The Tageblatt is an important left-leaning voice in Germany. Like the other newspapers, it’s fallen into line behind the war effort. However, its editor is deeply skeptical about the long-term usefulness of air raids against cities, even as his paper today praises the courage of the airmen. At some point soon, he’ll write a leader calling the bombings “senseless”, and worrying about the propaganda value for the enemy of dead civilians.
Incidentally, from what I can make out with Google Translate, the paper also seems today to be suggesting that “English censorship” is preventing the English press from reporting on the extent of the damage. As we’ve seen from the Telegraph, they are in fact taking the exact opposite line. Perhaps this is the classic fallacy of assuming that your opponent sees the situation the same way that you would if you were in their place?
(If any German speakers want to go and see exactly what the Tageblatt is saying, and/or check the exact date on that leader, their full archives are available online. Curse Britain’s ridiculous parochialism when it comes to teaching foreign languages!)
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General Joffre and Sir John French have finally arrived at some sort of arrangement. It does still favour the Gallic position (once again we run into problems trying to talk about French’s discussions with the French), but there are a few concessions to British sensibilities. The BEF is to take over the Ypres salient as soon as possible; the French troops being relieved will then form a reserve for General Joffre’s next offensive.
Britain still has one division of the pre-war Regular Army still to send to war. It’s the 29th, a scratch division consisting of various units who had been stationed in particularly remote parts of the Empire. Fresh Territorial units are arriving in France in great numbers. These forces will relieve the Ypres salient, and to the south the French will shuffle up a bit in the region of La Bassee.
The BEF will then be back in its position on the French extreme left. In return, they’ll make a major attack to support the French when they renew the attack in Artois. Joffre would like it to be as far south as possible, somewhere on the line of the River Lys, in the general direction of Lille. (Hands up anyone who’s surprised that there’s an important railway junction at Lille?) Presumably the 29th Division, as fresh Regular troops, will have a major part to play there.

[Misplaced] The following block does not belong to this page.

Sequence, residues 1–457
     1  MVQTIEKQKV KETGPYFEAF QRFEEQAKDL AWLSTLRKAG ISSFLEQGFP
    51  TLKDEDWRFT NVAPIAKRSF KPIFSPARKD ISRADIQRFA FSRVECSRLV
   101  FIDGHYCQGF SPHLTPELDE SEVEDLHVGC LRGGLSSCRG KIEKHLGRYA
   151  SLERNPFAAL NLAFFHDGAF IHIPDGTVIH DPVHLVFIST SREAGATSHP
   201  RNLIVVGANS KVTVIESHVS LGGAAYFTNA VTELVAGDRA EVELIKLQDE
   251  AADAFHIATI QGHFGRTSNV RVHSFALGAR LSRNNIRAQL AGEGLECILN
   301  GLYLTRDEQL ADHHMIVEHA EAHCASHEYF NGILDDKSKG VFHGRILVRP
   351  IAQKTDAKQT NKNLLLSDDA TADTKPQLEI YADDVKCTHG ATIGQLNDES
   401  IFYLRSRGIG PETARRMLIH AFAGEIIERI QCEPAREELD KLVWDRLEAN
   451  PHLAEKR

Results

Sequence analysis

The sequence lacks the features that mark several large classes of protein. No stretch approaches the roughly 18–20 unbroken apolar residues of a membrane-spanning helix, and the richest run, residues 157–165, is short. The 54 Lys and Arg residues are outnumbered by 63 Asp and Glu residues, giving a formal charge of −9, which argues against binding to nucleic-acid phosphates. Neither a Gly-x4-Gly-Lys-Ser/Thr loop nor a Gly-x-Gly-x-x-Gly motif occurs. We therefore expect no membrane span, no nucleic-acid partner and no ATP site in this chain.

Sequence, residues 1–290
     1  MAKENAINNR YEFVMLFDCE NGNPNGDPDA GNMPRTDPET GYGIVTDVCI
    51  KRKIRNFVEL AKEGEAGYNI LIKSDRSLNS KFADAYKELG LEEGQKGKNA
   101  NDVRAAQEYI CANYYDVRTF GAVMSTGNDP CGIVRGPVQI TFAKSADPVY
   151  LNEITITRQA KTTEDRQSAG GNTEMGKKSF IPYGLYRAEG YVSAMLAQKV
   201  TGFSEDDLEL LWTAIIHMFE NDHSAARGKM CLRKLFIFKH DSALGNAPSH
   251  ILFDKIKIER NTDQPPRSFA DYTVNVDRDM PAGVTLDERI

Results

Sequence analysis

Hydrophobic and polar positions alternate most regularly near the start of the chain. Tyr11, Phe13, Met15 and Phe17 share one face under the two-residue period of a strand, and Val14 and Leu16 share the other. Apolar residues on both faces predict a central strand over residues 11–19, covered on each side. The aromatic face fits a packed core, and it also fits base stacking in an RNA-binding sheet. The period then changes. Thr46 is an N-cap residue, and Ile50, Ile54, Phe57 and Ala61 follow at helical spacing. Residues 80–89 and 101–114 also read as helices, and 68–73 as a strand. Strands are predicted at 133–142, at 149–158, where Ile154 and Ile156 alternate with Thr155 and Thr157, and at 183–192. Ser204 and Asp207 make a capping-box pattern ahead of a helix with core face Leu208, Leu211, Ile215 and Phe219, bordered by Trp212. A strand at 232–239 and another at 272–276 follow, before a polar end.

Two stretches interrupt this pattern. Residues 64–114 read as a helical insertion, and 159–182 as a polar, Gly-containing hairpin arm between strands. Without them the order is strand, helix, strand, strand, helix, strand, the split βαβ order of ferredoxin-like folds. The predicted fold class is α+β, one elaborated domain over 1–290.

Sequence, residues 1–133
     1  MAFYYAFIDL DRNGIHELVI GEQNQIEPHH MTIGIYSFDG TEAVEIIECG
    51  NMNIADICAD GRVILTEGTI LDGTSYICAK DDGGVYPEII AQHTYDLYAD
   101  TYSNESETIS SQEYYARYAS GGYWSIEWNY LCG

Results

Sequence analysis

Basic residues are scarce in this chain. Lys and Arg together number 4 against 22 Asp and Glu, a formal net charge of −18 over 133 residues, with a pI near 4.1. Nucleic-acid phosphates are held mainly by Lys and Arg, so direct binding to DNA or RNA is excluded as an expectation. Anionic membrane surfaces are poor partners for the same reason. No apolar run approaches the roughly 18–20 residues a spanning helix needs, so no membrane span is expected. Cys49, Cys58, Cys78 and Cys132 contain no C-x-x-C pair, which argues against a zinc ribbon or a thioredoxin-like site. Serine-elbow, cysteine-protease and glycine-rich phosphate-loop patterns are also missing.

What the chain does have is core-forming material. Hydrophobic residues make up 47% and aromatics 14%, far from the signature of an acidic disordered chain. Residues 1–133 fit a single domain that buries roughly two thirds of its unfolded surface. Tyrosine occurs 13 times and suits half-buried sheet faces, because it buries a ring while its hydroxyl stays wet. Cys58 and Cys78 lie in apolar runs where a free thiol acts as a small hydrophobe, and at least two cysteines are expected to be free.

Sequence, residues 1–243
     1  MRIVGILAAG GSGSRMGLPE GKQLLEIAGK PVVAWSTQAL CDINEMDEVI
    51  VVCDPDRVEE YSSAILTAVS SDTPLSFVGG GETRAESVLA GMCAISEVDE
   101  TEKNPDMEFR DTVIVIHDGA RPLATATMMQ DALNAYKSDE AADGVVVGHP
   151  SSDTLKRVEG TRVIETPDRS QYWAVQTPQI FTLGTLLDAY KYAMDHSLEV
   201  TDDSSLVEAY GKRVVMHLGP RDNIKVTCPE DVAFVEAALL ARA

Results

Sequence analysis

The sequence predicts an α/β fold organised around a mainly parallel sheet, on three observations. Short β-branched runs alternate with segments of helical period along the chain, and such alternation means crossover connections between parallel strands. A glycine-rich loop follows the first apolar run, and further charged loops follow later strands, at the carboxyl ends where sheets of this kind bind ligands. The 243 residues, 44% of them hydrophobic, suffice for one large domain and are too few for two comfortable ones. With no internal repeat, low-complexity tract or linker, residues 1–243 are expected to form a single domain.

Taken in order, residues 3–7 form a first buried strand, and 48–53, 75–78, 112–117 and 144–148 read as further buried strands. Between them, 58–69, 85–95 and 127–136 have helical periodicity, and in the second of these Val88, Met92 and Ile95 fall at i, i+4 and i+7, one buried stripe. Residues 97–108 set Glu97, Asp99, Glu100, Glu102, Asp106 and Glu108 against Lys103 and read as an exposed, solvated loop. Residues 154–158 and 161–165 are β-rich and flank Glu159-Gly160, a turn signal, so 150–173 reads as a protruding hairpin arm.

First Champagne, part 2
“If at first you don’t succeed…” is the spirit of the upcoming French offensive. They’re planning to renew the drive from Perthes towards Mezieres in about three weeks’ time. Again, it will be supported by feints and pinning attacks elsewhere, at Verdun, St Mihiel, and on Hartmannswillerkopf. More artillery will be provided to General de Langle, who is planning an assault in stages. It won’t be intending to punch a large hole, compared to earlier expectations; some three and a half miles wide and just over a mile deep.
Once that’s been done, he intends to launch attacks from the tip of his new salient at 90-degree angles, taking the Germans on either side in the rear. Then, having dislodged them in this way, reserves can be brought up and thrown in before the Germans can dig in again. It’s a plan with a measure of originality to it. On the other hand, what they have in originality, they lack in artillery ammunition. We’ll see how it goes.
The plan for First Artois had envisaged the French pushing their German opponents off the critical high ground of the Lorette and Vimy Ridge. Behind the hills is the Douai Plain, a coal-mining area. If the French Army can reverse the situation and win the high ground, they’d be in an excellent position to force the enemy a long way back. The next defensible terrain is many miles to the rear, and French industry would be greatly helped by recapturing the many coal mines currently being occupied by the enemy.
Of course, they’ve tried that once already, and they’re still sitting at the foot of the Lorette, outside Carency. Their miners are working as hard as possible to get underneath the Germans and literally blow them out of the village. It makes no sense to attack there before it can be supported with an underground strike…
Some miles to the north of Vimy, opposite the BEF, is another area of high ground looming up in front of Festubert. This is the Aubers Ridge, with the small village of Neuve Chapelle nestled at the bottom, and it’s directly between the British and Lille. Over the next few days, British and French thoughts will both run the same way. If the BEF can drive up onto Aubers Ridge at the same time as the French can take Vimy Ridge and the Lorette…
Actions in Progress
Siege of Przemysl
The Daily Telegraph is republishing its archives from the war day-by-day. In today’s paper: They’re unsurprisingly in high dudgeon over that air raid that the German press thinks is being suppressed. Still, I wonder whether it will still be murder against civilians once British raiders appear over German skies.
Elsewhere, Page 6 roundly mocks a German suggestion that the Admiralty is going to disguise warships as merchants as an anti-submarine measure. Perish the thought! Q-ships? Never heard of them. You may recall that Russia is trying to ban vodka: there’s a write-up on Page 4. Page 9 attempts to explain why progress is slow (but can’t avoid talking about “German Blunders”), and Page 11 has a spurious report of mutiny at Erzurum.
(If you find the olde-tyme style difficult to get along with, have a look at this reading guide.)